Before getting to the details of various different types of fossil fuels, let's get to understand the concept and basics of nonrenewable energy a bit closely. So, what are fossil-based fuels? These fuels are are formed from decaying or decayed organic remains of organisms that were once alive and existed upon the face of earth. For fuel to form out of fossilised, it needs the dead organic material to undergo anaerobic decomposition for not less than a couple of million years.
This is the reason why most fossil fuels, like anthracite coal, have such a high carbon content that result in high carbon emission on combustion. Some fossil-based fuels, however, have a low-carbon : hydrogen ratio making them quite volatile (like methane). Various life forms and organic matter that decay and turn into fossil fuels include, remains of prehistoric organisms, zooplankton, phytoplankton, terrestrial vegetation, etc.
Now, let's talk a little about how these fuels are formed. The dead organisms got buried under soil and layers of dust, mud and sedimentary deposits kept forming over all this organic decay as the centuries kept passing. All this heat and pressure exerted upon the buried organic matter caused it to undergo chemical changes and turned the decay into a semi solid wax-like state known as kerogen and then, subsequently, into liquid and gaseous forms of hydrocarbons.
This final stage of fuel formation from fossilized organic remains is known as catagenesis. Examples of such fuels include petroleum and petroleum-based fuels. Now, let's take a look at the different types of fossil-based fuels and in what ways they are used.
Major Types of Fossil Fuels
Discussed below are four major classes of fossil fuels that have been discovered, exploited and have been used by mankind till date. Check these out.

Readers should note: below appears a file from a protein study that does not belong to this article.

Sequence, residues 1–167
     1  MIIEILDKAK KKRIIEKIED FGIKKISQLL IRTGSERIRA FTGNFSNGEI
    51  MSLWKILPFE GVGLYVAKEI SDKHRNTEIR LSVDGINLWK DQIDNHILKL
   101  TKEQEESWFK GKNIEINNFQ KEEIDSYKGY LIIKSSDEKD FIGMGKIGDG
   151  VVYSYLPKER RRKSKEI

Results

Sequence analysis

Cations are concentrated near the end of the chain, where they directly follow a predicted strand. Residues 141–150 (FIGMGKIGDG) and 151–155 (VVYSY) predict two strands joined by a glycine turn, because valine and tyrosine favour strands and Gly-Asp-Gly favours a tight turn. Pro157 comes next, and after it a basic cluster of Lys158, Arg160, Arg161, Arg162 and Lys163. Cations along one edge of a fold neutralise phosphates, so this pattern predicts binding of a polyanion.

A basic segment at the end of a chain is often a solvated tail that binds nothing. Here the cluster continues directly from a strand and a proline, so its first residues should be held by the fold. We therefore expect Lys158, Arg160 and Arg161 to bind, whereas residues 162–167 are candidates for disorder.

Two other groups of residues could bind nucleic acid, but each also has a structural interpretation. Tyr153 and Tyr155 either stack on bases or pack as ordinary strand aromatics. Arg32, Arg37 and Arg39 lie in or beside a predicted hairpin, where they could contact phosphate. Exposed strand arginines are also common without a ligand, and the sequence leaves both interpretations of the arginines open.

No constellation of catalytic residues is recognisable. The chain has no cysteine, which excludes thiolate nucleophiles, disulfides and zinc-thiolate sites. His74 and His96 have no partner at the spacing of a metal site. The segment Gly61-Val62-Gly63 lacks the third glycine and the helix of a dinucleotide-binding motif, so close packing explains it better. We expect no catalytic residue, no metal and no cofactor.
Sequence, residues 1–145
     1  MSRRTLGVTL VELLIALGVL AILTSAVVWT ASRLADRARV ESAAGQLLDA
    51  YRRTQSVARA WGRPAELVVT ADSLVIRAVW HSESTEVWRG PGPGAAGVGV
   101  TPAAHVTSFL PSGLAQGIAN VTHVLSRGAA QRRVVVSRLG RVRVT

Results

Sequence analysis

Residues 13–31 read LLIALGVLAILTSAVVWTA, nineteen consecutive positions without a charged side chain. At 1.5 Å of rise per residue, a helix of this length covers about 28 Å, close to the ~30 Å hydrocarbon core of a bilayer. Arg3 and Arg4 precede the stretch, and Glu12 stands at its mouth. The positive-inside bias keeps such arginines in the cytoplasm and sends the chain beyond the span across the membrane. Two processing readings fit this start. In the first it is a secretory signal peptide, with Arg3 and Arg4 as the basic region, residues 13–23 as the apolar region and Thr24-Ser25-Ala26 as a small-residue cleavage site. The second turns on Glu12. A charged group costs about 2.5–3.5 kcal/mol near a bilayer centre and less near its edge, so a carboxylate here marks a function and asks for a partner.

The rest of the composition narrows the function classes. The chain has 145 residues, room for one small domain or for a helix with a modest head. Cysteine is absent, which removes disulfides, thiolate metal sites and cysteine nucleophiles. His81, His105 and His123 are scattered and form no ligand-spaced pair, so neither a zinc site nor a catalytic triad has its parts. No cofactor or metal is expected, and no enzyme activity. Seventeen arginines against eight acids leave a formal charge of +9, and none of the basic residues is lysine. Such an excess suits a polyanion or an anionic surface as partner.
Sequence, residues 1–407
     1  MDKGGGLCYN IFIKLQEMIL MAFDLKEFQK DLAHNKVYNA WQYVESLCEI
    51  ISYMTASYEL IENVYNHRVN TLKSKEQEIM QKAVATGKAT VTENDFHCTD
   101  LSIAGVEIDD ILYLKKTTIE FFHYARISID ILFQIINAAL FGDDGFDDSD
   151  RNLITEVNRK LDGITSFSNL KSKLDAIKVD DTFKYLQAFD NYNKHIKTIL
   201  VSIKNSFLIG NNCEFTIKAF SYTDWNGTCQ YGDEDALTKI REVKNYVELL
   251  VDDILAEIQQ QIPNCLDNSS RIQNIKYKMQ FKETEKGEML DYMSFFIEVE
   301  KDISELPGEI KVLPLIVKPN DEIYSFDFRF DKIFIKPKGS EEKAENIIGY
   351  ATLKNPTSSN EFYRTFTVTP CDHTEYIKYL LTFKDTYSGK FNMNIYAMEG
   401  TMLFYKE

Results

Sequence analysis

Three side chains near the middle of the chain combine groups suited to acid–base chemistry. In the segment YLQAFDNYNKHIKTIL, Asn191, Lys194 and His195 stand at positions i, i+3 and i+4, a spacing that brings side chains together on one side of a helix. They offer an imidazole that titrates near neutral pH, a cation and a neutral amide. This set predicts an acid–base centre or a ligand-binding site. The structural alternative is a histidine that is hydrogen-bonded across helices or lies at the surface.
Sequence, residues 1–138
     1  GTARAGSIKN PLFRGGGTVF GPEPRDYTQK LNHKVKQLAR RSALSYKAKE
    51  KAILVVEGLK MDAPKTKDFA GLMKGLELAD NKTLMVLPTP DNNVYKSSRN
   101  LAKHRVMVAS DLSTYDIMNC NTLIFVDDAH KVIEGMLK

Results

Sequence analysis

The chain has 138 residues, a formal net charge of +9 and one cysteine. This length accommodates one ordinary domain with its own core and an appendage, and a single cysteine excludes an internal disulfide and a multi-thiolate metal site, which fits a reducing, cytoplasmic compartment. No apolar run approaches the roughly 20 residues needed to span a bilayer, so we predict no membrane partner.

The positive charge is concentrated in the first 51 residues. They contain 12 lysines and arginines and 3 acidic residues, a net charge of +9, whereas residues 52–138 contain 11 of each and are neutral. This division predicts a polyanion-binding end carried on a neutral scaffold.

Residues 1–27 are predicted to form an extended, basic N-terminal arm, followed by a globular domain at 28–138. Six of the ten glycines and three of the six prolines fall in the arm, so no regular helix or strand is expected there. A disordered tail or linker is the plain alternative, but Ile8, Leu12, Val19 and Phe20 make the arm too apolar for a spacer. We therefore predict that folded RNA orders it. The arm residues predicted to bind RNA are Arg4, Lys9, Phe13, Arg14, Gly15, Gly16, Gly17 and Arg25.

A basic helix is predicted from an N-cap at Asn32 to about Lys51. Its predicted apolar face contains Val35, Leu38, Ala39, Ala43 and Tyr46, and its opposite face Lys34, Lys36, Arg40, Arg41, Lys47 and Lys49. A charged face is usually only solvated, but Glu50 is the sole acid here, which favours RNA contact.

The most abundantly existing of all fossil-based fuels, coal is formed from the decay of vegetative matter such as plants, ferns, trees, moss and swamp vegetation that thrived on the surface of the earth millions of years ago. Nowadays, most heavy industries use coal as their main fuel resource and certain industries (like the iron and steel industry) are completely dependent upon coal supply. Uses of coal span from acting as a domestic fuel to providing thermal energy to industrial units.
This liquid hydrocarbon undergoes various stages and processes of refinement and modifications to give us different fuel products such as petrol, petrodiesel, kerosene, etc. Petroleum is most commonly extracted from marine fossil fuel sources. Mostly, such crude oil is found trapped inside a deeply buried subterranean reservoir rock and source rock. The source rock is what contains the hydrocarbon material and the reservoir rock seals it in. The wide uses of petroleum as a fuel include, being used to propel automobiles and other machinery. Petroleum and petroleum-based products are also used to manufacture many toiletries and cosmetics (like petroleum jelly).
Gaseous hydrocarbons (such as methane) derived from marine fossil fuel sources such as plankton decays and algae that re-used as a fuel source come under the category of natural gas. Natural gas is most commonly used to power domestic heating and cooking applications. It burns clearer than coal or petroleum and hence is favored for domestic use, as it does not cause fumes.
Orimulsion is extracted from bitumen and it was first discovered by Intevep. The name Orimulsion is the registered trademark name of this bitumen based fuel and it occurs naturally in Venezuela's Orinoco Belt. Orimulsion is extracted from bitumen by mixing the latter with about a third of its volume of water and a residual quantity of surfactant.
That was a brief overview of the various different varieties of fossil fuels that have been discovered or developed till date. One burning question that is associated with the use of these fuels is that of the rapid depletion of their sources. Well, to answer this question, we would have to refer to that part of the article where I mentioned the time that takes for organic decay to turn into fuel. The fact is that most fossil fuels, that have been forming right from the time organic life existed on the earth till date, has been extensively used up.
The time that it takes for organic matter to convert to fuel is so great that fossil fuel sources have come to be known as depleting resources as the usage : formation ratio is disproportionately skewed. Another concern regarding the extensive use of fossil fuels is the high carbon emission. This ties fossil fuels and global warming in a direct cause-effect relationship - the more you use fossil fuels, the more the mercury rises each year. We have already started seeing the ill effects in the form of drastic seasonal shifts and various natural disasters.